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Traditional Italian Ravioli

By Ippolita Douglas Scotti:

In these strange days, I find myself staying at home in Florence. Everything is closed due to the virus emergency. I'm trying to make the best of it. I have time to cook, make pasta, and write, so I am going to continue our journey into the delicacy of filled pasta. Today it is ravioli—that easy-to-make stuffed pasta that is loved in every region of Italy!

Statue of Francesco Datini in Prato

One of the earliest mentions of this pasta is in a recipe from a personal letter by the Tuscan Francesco Datini, an international merchant and banker who did a lot for Florence during the fourteenth century. The recipe consisted of chopped blanched green herbs, fresh cheese, and a beaten egg, then simmered in broth. Modern recipes are quite similar.

Traditionally, ravioli is made at home, with egg pasta filled with minced herbs such as spinach, sheep ricotta, Parmesan, salt, pepper, and nutmeg. It is good with every sauce. We even like it with only butter and sage.

The most famous ravioli in my country is Tortelli Maremmani. Tortelli is the name of ravioli in Maremma, the wild side of southern Tuscany where the ravioli is bigger and so delicious!

Here is the recipe!

Tortelli Maremmani

Serves 4

For the dough:

2 cups all purpose flour

1 Tbs semolina + more for dusting

A pinch of salt

3 fresh eggs

For the filling:

8 oz (200 g) spinach

8 oz (200 g) fresh sheep Ricotta

2 Tbs grated Parmesan

A pinch of nutmeg

Salt and Pepper


4 Tbs butter

Sage leaves

Place the flour on a table or cutting board and make a well in the center. Crack the eggs into the well of flour. Add the pinch of salt.

Mix the eggs with a fork and gradually incorporate the flour until it forms a dough. Knead until a smooth and form into a ball. Wrap the dough in plastic film and let stand at room temperature for 30 minutes.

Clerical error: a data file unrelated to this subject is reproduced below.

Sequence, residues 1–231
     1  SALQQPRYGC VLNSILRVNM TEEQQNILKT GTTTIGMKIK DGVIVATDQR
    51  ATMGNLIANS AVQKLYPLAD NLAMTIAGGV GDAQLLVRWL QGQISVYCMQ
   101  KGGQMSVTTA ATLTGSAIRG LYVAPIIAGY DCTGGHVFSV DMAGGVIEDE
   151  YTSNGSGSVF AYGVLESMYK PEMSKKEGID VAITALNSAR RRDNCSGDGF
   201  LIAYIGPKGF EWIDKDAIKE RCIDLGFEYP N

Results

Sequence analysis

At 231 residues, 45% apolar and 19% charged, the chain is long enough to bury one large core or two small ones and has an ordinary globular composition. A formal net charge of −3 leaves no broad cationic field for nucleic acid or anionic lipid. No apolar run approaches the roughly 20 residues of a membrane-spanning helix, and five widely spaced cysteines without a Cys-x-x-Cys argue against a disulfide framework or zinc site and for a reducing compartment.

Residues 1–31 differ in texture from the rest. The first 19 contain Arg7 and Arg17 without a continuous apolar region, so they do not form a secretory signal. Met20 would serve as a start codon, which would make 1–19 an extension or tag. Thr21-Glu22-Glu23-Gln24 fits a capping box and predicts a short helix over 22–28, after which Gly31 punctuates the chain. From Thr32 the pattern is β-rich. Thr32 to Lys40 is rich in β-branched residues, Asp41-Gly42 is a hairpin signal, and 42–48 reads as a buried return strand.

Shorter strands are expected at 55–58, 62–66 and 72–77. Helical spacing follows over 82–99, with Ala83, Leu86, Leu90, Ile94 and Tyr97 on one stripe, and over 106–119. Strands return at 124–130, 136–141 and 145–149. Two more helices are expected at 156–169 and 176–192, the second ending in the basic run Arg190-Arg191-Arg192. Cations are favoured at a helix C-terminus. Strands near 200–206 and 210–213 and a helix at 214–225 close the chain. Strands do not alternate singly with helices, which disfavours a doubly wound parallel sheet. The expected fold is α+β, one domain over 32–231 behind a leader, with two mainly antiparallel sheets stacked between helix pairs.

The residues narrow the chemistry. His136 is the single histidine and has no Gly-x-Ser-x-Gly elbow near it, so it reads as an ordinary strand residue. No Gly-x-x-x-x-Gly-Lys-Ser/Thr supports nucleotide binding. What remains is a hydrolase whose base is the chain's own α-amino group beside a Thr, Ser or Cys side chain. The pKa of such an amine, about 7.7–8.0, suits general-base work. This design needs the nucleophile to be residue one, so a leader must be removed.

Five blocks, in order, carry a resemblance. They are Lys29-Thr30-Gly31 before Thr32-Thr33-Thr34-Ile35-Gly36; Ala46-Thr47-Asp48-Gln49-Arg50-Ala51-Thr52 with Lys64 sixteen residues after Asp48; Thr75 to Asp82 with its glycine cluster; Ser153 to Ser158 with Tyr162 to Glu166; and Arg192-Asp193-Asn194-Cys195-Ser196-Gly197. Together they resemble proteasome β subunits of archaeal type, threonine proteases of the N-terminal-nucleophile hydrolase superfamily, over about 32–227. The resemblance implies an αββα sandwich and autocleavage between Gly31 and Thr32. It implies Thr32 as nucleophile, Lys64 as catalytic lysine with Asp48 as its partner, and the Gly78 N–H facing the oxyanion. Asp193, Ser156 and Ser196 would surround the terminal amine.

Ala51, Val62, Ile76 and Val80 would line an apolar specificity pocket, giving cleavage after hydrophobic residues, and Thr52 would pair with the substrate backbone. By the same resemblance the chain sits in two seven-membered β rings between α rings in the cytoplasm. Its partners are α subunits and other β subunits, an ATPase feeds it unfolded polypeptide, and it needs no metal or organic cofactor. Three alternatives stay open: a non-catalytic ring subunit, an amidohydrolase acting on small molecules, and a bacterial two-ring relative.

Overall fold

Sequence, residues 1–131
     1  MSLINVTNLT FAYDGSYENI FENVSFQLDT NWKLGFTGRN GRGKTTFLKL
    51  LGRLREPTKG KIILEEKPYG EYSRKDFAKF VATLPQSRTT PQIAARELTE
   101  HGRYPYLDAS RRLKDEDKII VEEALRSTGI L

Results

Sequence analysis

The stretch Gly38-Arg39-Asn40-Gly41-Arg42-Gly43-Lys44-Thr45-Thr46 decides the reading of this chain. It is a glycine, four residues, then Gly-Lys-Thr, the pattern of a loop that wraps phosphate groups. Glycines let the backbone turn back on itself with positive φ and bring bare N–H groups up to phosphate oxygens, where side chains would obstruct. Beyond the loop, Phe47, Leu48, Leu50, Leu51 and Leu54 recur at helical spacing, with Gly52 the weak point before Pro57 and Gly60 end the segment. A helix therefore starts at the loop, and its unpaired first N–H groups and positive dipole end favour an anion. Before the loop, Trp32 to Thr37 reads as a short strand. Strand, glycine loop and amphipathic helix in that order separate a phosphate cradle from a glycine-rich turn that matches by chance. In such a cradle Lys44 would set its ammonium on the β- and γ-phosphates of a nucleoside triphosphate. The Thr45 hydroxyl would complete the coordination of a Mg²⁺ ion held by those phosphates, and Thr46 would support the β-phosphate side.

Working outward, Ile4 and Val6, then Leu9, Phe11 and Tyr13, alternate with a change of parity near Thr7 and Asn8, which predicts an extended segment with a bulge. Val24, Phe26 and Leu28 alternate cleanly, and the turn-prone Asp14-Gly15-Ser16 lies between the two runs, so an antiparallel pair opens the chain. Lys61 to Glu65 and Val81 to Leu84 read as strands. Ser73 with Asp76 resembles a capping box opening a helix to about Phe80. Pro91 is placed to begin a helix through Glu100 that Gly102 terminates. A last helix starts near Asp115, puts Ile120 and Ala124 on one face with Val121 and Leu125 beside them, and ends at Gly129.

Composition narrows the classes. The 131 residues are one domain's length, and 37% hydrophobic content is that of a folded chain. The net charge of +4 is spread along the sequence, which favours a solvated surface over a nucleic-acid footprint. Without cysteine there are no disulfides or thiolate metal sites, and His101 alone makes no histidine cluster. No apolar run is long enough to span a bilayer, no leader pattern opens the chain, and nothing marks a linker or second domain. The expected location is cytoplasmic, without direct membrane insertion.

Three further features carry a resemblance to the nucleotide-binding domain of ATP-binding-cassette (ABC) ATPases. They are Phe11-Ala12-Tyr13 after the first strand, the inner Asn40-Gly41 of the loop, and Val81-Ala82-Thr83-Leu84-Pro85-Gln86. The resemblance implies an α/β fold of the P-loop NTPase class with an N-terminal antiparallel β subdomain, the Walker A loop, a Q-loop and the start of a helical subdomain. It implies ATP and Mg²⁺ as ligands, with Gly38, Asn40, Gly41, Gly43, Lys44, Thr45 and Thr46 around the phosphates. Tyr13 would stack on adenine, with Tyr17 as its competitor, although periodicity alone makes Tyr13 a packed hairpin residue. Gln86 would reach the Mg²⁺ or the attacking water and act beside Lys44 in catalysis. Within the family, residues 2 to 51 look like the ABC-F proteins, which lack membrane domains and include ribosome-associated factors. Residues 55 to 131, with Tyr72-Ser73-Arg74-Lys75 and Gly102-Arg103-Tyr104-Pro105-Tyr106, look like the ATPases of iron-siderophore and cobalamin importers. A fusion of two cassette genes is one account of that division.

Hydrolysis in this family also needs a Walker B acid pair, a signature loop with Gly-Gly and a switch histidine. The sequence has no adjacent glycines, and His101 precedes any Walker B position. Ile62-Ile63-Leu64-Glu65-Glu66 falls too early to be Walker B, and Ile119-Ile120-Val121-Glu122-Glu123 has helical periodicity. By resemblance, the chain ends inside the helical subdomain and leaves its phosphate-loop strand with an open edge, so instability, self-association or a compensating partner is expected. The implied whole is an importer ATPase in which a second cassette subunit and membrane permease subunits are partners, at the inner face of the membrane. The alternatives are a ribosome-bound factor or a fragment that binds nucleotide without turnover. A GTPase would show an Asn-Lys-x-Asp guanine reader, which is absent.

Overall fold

Roll out the dough until it is thin enough to see the outline of your hand through it. Cut the dough in half.

Lay the first dough one length on a floured work surface and set the other half to one side on a lightly semolina-dusted work surface, covered with a clean damp towel.

Either sauté or blanch the spinach. If blanched, squeeze out the extra moisture. Mince the spinach.

In a bowl, mix the sheep ricotta and spinach. Add a pinch of nutmeg, salt, pepper, and Parmesan.

Put the sage and butter into a saucepan large enough to hold all the ravioli once cooked. Place over low heat until the butter melts. Simmer gently, then remove from the heat and leave to infuse. Season with a pinch of salt and pepper.

Place teaspoonfuls of the ricotta mixture at even intervals along the middle of the pasta sheet. Take the other half sheet of pasta and carefully lay it over the ricotta mix, gently pressing down with wet fingers to seal the ravioli around the mounds of filling, pushing out any air pockets.

Using a sharp knife, trim the pasta into squares of ravioli and seal the border again with wet fingers. Lay each ravioli on a tray and dust with a little flour.

Bring a pot of salted water to a boil. Gently slip the ravioli into the water and cook for 5 minutes.

Remove with a slotted spoon and add to the sage/butter sauce. Gently stir to combine.

Serve immediately with a little more Parmesan and black pepper.


Contessa Ippolita Douglas Scotti di Vigileno is a true Italian—born in Florence, Italy, from a long line of eccentric Italian aristocrats, she has traveled the world in search of adventure, romance, and magical, mouth-watering recipes. "Ippo" loves Italian history, especially as it relates to food. Author of There's a Beatle in My Soup, Curcuma e Zenzero (Ginger & Tumeric), 101 Perche Sulla Storia di Firenze (101 questions on Florence History), and Superfoods, Ippo is currently finishing her latest work, The Lords of Florence (all published by Newton Compton Publishers).

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